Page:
restricts access to authorized users, browses indices and thesauri, retrieves selected content, and
removes duplicates and sorts. Markup Standards include SGML, HTML, and XML. XML is
powerful because it is extensible. It allows for deep structures needed in databases. It can check
data for structural validity.
Creating NISO Standards
Standards are created after years of implementation. It may take up to five years for an
idea to become a standard. Because technology changes so quickly standards must respond to
real needs and real problems. NISO sponsors pre-standard works shops that bring together
professionals. This way leaders in the industry can work together to solve problems. Those that
work on standards committees require expertise and vision for the future. When forming
standards, NISO asks members of the community to review and react to the possible standards.
When an idea finally becomes a standard, NISO publicizes the new standard as widely as
possible. As soon as different organizations and companies adopt the standard the more
interoperability there will be. This was an interesting webpage, but I found it to be sufficiently
vague. They do not give many specifics or even a timetable of the typical standard-making
Standards for the Global Information Infrastructure
One important area of development relates to Z39.50, a US national standard that was
adopted in 1992. IN 1995 it was expanded and has better search and data retrieval capabilities.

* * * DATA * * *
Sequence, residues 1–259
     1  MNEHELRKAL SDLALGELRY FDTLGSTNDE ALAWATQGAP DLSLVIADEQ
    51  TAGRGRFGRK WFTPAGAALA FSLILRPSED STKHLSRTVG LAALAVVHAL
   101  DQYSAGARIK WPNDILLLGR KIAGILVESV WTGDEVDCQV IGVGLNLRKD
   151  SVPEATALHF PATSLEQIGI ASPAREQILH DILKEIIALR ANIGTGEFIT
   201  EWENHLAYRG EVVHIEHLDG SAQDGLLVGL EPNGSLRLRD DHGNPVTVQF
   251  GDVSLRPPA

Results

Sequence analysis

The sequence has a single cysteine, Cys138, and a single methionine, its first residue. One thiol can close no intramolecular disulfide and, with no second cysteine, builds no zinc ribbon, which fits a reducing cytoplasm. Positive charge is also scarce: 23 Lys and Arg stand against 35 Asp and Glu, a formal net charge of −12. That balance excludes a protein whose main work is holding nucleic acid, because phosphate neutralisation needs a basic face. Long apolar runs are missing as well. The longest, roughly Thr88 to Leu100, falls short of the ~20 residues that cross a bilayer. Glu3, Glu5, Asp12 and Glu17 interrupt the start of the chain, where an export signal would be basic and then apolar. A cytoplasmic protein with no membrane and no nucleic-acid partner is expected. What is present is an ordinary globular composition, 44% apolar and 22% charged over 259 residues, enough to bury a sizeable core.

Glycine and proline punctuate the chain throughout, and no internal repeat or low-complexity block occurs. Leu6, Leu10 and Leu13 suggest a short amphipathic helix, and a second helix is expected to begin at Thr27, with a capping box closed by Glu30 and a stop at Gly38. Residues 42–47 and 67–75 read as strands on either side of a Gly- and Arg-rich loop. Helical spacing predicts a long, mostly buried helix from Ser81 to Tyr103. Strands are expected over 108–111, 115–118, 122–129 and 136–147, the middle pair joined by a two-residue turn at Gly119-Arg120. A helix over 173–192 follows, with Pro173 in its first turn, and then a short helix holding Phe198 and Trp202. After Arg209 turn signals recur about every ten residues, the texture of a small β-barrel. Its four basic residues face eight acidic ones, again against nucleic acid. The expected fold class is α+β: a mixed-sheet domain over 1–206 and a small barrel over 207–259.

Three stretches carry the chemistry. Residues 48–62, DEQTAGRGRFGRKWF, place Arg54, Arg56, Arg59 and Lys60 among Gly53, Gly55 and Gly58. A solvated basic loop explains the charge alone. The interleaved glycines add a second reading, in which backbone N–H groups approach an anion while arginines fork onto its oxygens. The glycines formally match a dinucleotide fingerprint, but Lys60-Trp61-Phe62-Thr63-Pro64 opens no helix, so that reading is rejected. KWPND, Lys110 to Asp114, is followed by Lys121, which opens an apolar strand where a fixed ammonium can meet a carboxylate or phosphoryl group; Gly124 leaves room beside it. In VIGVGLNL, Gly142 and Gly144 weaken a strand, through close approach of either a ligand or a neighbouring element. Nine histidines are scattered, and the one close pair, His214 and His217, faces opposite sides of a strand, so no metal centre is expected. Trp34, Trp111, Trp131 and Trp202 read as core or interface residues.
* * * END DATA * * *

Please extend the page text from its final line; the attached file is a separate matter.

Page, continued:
In the standards, the Z39.50 is given many uses but there is a basic attribute set described in the
standard. Each application domain can determine how the data gained from Z39.50 is used.
Z39.56 is the Serial item /contribution identifier standard. This standard defines data
elements and a structure for standardized code to identify serial items. The newest version
includes a code structure identifier to define the type of SICI being dealt with. There is no
international version of this standard. The interlibrary loan protocol was approved by the ISO in
1991. This was developed to be able to transfer ILL information between systems that use
There are many of character set standards. ISO 10648 and Unicode are two of these
standards. The goal of Unicode is to make it possible to compute every written character. These
standards have not changed the world dramatically yet. However computer and software
companies are dedicated to implementing Unicode in the future. The motivation is strong
because if you cannot write in a certain language with a computer it is not as marketable.
There are also Internet Community Standards. Internet standards are developed by the
Internet Engineering Task Force. They identify and propose solutions to operational problems,
specify protocols for development and usage, and provide a forum for the exchange of relevant
information. Their work on HTML and HTTP are especially important to librarians. They also
standardize the format for the URL which also had a great effect on librarians. They added
definitions for new objects and protocols into the URL specification.
Stair and Reynolds
Reading this chapter helped me review what I have already learned about computer